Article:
Science Discovers that Whatever You’re Eating Right Now Will Probably Affect Your Grandchildren

Illustration for article titled Science Discovers that Whatever You’re Eating Right Now Will Probably Affect Your Grandchildren

Science, in its ceaseless effort to ruin just about all the good things in the world, is currently doing its level best to ensure that you won't be able to eat any of the world's most delicious treats without feeling like you're destroying the future. Two independent studies involving epigenetics have found that diet, whether healthy or unhealthy, might tweek the nature of your DNA, which change we might then be able to pass onto all those kids and grandkids that people tend to have eventually.


Epigenetics, for anyone who's just too embarrassed to admit they don't know, refers to changes in gene expression from outside forces. An epigenetic change is not a mutation because the change doesn't lie in the DNA itself — it occurs in the DNA's surroundings, all those enzymes and chemicals that determine how DNA unwinds in different sections in order to make proteins or new cells. A study from Torsten Plosch at the University of Groningen in the Netherlands (which built off of an earlier Duke University study) found that there were many ways in which nutrition alters the epigenome in many animals, including humans. There are historical examples of the effects of one generation's dietary habits on a subsequent generation — children born to mothers during the Dutch famine towards the end of WWII, for example, were susceptible to glucose intolerance and cardiovascular disease.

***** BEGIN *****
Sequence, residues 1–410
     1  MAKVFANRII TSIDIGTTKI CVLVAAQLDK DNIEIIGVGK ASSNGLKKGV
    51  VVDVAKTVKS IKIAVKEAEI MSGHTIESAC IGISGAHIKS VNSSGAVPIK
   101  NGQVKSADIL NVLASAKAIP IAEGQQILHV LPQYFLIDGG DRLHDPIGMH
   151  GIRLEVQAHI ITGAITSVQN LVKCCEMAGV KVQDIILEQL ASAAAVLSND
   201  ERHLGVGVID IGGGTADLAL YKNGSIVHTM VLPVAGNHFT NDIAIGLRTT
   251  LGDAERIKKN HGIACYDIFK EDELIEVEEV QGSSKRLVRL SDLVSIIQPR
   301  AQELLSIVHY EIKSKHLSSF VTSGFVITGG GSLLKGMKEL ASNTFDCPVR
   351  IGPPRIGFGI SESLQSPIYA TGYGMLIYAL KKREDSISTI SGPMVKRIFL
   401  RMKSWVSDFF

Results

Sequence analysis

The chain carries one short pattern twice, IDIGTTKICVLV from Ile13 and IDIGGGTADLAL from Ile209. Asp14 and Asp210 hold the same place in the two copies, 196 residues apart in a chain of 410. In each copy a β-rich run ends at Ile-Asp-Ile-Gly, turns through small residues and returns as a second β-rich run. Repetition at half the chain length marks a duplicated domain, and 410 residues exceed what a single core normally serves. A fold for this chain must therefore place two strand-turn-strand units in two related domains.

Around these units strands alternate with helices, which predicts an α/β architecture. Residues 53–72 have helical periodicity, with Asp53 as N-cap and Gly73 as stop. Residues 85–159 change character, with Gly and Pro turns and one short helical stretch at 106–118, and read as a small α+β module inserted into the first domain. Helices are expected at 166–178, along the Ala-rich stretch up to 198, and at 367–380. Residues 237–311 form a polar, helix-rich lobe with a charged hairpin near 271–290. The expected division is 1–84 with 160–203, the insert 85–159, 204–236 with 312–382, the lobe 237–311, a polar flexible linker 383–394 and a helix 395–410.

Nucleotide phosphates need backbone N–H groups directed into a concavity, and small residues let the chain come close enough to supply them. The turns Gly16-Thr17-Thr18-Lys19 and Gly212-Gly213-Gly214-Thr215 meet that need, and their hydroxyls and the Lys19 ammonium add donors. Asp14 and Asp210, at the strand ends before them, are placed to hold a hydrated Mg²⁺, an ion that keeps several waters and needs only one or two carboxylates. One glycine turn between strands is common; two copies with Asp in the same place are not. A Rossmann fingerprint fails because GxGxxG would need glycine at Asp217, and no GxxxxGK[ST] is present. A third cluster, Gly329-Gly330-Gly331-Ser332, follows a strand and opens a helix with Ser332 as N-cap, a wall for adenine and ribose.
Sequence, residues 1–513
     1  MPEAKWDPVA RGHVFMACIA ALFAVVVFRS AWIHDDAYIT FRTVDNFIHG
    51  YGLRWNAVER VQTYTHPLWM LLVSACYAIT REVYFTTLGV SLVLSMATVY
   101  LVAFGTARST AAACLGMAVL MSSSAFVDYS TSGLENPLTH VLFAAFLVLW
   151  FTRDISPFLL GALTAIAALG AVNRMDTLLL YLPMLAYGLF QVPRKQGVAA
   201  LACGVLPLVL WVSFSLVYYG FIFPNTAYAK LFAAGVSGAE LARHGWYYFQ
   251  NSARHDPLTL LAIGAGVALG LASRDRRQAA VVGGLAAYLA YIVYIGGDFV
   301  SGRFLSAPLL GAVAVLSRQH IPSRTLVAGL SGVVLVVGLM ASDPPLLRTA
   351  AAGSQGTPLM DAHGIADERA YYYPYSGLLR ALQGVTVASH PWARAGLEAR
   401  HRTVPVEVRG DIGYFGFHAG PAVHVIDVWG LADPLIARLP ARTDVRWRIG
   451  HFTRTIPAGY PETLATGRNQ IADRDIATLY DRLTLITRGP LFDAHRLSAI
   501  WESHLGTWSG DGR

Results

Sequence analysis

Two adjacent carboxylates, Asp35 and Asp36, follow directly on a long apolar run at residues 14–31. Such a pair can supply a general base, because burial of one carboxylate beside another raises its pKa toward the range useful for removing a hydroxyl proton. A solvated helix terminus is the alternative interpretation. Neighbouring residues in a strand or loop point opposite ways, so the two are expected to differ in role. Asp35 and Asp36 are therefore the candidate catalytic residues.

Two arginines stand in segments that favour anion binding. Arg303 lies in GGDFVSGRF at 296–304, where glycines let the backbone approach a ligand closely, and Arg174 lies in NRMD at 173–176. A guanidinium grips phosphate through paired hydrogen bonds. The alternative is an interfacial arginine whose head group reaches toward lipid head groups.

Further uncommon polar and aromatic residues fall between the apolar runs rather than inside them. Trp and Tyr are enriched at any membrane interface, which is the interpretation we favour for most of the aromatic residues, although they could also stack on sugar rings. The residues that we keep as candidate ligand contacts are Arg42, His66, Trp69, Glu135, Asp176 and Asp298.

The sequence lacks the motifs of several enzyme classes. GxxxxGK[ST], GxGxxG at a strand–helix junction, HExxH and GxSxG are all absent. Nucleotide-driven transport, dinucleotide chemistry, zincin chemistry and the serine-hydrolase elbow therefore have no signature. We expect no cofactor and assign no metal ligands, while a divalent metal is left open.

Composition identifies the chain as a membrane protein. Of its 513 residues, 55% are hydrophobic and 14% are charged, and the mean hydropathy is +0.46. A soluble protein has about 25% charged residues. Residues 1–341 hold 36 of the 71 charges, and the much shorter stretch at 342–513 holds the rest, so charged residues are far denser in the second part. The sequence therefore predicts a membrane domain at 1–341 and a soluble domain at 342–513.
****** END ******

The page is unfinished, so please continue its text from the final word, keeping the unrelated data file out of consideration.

What's missing, say scientists like Joseph C. Jimenez-Chillarón of the Paediatric Hospital Sant Joan de Deu, in Spain, is the mechanism for how such dietary information is remembered from generation to generation. Another study led by Ram B. Singh of the TsimTsoum Institute in Krakow, Poland suggests that diet can affect the broth of chromatin that DNA floats around in, and that nutrients introduced into the chromatin can even cause mutations. The results have so far been inconclusive, though scientists are pretty sure that cells in a state of early development are more susceptible to epigenetic changes than adult cells, which is why the most notable changes are seen in fetuses and infants.

Not only are you what you eat, but pretty much everyone who is ever going to sprout from your loins might become what you're eating, too.

Your diet affects your grandchildren's DNA, studies say [LiveScience via CBS News]



Add this to the 497321 reasons I won't be reproducing.